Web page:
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Pro-Worker Bill, PRO Act, Passes Democratic House of Representatives

Statement from AFL-CIO President Richard Trumka

Good afternoon. Thank you, Speaker Pelosi, for your leadership. And thank you, Jennifer (Womack), for your courage.

How many of you saw Verizon’s commercial on Super Bowl Sunday? It captured the duty, responsibility and humanity of America’s first responders…a fitting tribute to those who risk their lives for our safety. And while it was a nice reminder about the importance of our connection to each other—it didn’t tell the whole story.

When Jennifer and her coworkers tried to form one of the most personal and powerful bonds possible—a union as members of the Communications Workers of America—Verizon said no.

You see, 5G might be able to do a lot of exciting things, but it cannot fix our broken and outdated labor laws.

At Verizon and elsewhere—in more than 40 percent of all union organizing drives—employers break the law.

They lie. They coerce. In some cases, they fire union supporters.

Workers are forced to attend mandatory meetings with one item on the agenda: make people afraid to exercise our freedom to form a union.

And these messages of fear and intimidation are coming from the very people who control our paychecks, how much time we can spend with our family, whether we will have a job in six months, a year.

That’s how you end up with an economy where more than 60 million people would vote to join a union, but only one in ten workers actually have one.

Workers want in. Is it any wonder why?

Simply put, workers in unions bargain for higher wages and are much more likely to have health care and a pension. The union advantage is even greater for people of color. Unionized workers have a real say in critical workplace issues like time off to care for a loved one, the deployment of technology and protection from discrimination.

The National Labor Relations Act—passed in 1935—was a beacon of the New Deal. It ushered in a new era of workers organizing to win equality—our share of the American Dream.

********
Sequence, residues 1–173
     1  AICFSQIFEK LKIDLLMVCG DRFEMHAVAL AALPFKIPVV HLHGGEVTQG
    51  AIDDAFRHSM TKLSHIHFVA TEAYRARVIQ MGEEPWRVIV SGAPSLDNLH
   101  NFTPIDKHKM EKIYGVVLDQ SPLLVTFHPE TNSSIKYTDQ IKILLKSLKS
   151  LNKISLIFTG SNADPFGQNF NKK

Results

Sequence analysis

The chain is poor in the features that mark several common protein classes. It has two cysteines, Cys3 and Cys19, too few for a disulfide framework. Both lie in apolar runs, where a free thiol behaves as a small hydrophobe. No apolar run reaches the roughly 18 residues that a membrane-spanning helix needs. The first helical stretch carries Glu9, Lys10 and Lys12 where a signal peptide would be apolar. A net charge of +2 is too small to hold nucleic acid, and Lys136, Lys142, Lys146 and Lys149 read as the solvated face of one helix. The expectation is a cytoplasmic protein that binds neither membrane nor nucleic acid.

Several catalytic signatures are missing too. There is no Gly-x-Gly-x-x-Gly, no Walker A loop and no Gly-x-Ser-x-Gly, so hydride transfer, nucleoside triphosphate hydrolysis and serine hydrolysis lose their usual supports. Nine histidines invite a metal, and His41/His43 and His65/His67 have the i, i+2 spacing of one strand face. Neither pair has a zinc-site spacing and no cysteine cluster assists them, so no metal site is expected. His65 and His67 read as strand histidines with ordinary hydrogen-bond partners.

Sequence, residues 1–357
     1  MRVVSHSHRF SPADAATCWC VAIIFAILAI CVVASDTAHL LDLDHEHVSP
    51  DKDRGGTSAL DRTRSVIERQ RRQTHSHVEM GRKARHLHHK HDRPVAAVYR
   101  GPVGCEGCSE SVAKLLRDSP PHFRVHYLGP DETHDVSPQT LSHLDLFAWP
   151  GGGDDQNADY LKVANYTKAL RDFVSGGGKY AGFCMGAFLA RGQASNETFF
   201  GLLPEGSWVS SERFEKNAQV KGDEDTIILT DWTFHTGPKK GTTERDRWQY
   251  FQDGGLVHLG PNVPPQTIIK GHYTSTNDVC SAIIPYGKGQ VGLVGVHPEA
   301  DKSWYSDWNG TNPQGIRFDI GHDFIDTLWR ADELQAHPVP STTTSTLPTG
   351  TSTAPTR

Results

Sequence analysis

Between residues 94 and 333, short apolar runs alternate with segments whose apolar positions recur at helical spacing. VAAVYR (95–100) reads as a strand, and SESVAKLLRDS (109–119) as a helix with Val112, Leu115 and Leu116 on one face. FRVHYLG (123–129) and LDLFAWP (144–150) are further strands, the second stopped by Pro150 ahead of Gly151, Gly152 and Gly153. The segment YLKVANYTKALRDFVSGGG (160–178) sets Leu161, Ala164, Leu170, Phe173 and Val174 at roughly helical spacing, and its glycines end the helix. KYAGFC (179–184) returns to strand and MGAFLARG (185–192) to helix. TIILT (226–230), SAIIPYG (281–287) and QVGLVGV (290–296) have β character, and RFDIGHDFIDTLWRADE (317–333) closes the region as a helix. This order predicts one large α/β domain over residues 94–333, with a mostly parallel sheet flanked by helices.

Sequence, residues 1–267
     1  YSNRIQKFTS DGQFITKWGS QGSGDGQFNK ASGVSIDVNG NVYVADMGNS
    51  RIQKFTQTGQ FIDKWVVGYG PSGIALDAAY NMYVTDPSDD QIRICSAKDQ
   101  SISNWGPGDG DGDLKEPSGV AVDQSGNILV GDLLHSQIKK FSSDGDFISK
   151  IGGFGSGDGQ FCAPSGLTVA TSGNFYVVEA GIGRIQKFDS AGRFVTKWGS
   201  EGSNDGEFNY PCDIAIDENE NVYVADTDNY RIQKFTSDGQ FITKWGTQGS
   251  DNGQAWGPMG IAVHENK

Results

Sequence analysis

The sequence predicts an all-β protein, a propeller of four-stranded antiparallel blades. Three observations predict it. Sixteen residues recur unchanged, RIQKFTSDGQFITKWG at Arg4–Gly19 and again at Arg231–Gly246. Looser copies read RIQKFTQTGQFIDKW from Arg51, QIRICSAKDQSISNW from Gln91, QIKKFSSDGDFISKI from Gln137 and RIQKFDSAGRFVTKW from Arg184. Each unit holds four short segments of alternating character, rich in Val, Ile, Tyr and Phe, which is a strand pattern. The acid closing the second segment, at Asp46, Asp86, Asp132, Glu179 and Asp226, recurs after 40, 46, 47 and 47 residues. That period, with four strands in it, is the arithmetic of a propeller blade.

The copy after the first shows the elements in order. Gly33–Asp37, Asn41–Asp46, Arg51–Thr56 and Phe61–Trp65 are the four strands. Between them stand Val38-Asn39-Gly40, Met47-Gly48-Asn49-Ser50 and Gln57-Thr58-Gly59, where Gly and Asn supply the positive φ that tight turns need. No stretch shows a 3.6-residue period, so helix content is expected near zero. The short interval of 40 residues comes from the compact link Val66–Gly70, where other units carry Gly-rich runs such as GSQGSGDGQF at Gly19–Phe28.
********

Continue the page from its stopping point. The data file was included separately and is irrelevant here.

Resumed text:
That wave of worker voice changed the direction of America and built the greatest middle class the world has ever known.

But the NLRA has only been weakened in the 85 years since—and an entire union-busting industry now works nonstop to block workers from exercising the freedom that the law is supposed to protect.

Now is the time—in fact, it’s way past time—to protect the right to organize for workers in the 21st century.

The PRO Act is how we do it. It is not an exaggeration to say this is the most significant piece of legislation that will come before the House this year.

It protects the right to strike. It trumps the “right to work” sham. It ensures a process for reaching a first contract once a union is recognized, provides substantial relief for workers whose rights have been violated and creates a true deterrent, so employers think twice before violating the law.

It also removes the employer’s standing in representation cases. The choice to form a union must belong to Jennifer and her coworkers, not Verizon and its executives.

So we call on the House to pass the PRO Act. We call on all members of Congress—Republican and Democrat—to support it. We call on the Senate to follow suit. And we call on President Trump to sign this bill into law.

And to those who would oppose, delay or derail this legislation—do not ask the labor movement for a dollar or a door knock. We won’t be coming.

Stand with us today. And we’ll stand with you tomorrow.

Jennifer deserves nothing less. America’s workers deserve nothing less.

Thank you very much.

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